The Areopagus, or Hill of Ares, is just to the west as you leave the Acropolis. It was important to the Athenians for a number of reasons.
One myth tells how the Amazons, who were Theseus’ enemies, camped on the hill and dedicated it to Ares, the god of war.
The 5thC BC playwright Aeschylus in his tragic play ‘The Eumenides’, tells the story of Orestes. Orestes was the son of Agamemnon, the leader of the Greeks in the Trojan war. When Agamemnon returned from the war, his wife Clytemnestra murdered him. In revenge for his father’s death, Orestes killed his mother.
The trial of Orestes took place on the Areopagus. The goddess Athena stood up for him and he was acquitted. He was protected from vengeance by the ‘Furies’, who became known as the Erinyes.
Before the 5th century BC, this was the place where the elders of the city held their council. It was much like the Roman Senate. You could only be a member of this council if you held public office, and only then if it was of a specified level of importance, such as Archon.
This continued until 462 BC, when Ephialtes put through reforms which deprived the Areopagus of almost all its functions. The only power it was left with was to hold murder tribunals. In classical times, it functioned as the chief homicide court of Athens.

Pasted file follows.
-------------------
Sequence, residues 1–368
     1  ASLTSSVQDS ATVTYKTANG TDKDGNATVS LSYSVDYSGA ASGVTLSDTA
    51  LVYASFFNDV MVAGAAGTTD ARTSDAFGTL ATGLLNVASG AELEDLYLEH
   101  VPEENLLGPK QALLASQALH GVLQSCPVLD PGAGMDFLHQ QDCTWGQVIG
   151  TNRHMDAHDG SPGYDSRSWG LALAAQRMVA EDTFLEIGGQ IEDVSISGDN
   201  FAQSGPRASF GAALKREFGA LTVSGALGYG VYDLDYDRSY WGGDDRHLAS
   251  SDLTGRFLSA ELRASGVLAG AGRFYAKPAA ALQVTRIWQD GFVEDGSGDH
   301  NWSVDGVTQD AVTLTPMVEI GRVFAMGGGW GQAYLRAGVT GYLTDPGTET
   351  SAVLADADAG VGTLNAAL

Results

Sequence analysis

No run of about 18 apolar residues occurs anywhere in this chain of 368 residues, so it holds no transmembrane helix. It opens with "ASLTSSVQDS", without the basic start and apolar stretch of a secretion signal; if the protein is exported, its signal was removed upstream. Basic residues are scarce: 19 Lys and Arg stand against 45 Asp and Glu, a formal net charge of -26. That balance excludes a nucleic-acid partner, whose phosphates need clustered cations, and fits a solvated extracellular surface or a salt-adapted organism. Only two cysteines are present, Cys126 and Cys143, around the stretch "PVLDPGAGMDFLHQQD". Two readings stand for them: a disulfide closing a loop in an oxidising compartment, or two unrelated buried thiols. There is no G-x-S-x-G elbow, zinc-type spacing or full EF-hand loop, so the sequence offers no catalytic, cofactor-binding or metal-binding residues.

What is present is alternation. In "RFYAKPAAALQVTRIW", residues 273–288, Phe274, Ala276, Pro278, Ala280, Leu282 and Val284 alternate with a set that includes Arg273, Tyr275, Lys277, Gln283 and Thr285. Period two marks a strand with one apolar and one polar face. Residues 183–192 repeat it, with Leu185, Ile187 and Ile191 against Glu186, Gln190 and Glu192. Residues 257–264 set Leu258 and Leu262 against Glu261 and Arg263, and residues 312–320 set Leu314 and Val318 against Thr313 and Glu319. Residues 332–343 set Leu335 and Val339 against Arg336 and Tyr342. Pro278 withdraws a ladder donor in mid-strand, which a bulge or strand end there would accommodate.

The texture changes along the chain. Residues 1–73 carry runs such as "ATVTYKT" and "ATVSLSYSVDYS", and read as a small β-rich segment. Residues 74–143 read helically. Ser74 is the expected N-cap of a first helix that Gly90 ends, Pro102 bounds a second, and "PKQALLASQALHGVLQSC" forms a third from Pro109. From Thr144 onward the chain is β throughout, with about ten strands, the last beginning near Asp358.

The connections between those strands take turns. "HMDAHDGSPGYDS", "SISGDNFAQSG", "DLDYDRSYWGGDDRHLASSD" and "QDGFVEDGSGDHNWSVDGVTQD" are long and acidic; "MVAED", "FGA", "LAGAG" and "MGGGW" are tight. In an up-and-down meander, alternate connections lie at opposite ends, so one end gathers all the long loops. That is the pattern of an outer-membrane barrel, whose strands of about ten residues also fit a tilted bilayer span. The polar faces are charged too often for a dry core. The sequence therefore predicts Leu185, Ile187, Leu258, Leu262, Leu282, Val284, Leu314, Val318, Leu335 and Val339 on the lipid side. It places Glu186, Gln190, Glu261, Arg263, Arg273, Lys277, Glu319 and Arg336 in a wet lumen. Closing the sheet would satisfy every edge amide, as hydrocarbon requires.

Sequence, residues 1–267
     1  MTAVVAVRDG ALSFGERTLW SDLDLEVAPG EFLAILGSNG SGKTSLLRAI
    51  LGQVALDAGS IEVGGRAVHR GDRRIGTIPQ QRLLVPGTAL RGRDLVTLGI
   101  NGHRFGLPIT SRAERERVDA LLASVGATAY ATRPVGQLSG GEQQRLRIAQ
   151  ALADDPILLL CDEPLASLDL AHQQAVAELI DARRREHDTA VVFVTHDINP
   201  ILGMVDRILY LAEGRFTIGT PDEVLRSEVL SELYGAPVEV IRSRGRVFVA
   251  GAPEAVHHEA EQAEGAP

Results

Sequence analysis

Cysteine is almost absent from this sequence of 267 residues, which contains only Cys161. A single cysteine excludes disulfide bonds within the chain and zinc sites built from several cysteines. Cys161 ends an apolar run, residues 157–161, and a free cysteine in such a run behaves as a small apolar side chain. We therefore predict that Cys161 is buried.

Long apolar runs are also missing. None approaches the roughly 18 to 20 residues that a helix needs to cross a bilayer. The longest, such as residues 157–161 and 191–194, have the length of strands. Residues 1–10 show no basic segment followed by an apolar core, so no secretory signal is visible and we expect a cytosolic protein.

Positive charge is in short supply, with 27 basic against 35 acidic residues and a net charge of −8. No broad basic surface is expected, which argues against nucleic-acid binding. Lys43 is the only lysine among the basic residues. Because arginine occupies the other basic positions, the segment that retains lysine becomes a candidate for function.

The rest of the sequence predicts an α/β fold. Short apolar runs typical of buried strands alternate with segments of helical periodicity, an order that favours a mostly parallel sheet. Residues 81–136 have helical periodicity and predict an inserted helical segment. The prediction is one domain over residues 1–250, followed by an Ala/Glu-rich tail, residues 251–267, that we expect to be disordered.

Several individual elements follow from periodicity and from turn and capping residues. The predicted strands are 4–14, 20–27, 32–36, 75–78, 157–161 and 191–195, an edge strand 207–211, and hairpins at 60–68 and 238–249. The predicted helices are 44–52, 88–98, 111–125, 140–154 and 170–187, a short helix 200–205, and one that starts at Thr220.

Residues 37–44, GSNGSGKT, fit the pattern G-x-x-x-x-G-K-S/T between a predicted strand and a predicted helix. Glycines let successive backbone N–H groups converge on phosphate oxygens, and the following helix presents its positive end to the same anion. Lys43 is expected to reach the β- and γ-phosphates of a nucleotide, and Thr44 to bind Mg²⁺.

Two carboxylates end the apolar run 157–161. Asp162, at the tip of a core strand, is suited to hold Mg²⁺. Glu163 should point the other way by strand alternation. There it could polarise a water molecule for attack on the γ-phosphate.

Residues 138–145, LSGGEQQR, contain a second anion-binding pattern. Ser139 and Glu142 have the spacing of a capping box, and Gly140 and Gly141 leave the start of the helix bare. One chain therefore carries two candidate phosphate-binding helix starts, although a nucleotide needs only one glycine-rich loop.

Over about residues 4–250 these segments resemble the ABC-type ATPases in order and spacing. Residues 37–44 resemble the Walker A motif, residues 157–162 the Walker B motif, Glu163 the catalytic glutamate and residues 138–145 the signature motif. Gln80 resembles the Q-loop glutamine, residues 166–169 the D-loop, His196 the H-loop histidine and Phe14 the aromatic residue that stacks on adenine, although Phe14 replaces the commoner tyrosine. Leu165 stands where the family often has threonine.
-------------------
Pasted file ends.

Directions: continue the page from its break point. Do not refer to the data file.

At the foot of the hill was a temple dedicated to the Erinyes. In many parts in the ancient Greek world, they designated places where murderers could find sanctuary. This temple was one of these places of sanctuary.
A famous courtesan
In 375 BC a famous courtesan called Phryne who was a friend (and model) of the sculptor Praxiteles, was charged with impiety. The trial was held here, and she was acquitted.
St Paul in Athens
Reference is made in the book of Acts in the Bible to the time in AD50 when the apostle Paul spoke to the men of Athens on Mars Hill, the Roman name for the site. The Greeks were very careful not to offend any of the deities, so they had an inscription dedicated to an “unknown god”. St Paul told them that the Christian God was the one they ignorantly worshipped.
On the north side of the hill are the remains of an old church which was originally dedicated to the first people in Athens who had been converted by St Paul. You can also see a bronze plaque which contains the relevant text from the Bible.
A good viewpoint
One reason to climb the hill is for the views. To the north you can see most of Athens, to the west lies the Aegean sea and the port of Piraeus, while back to the east is a clear view of the Propylaia on the Acropolis.
Be very careful when you walk up the marble steps to the top of the hill. They are well worn through centuries of use, and in wet weather can be very slippery!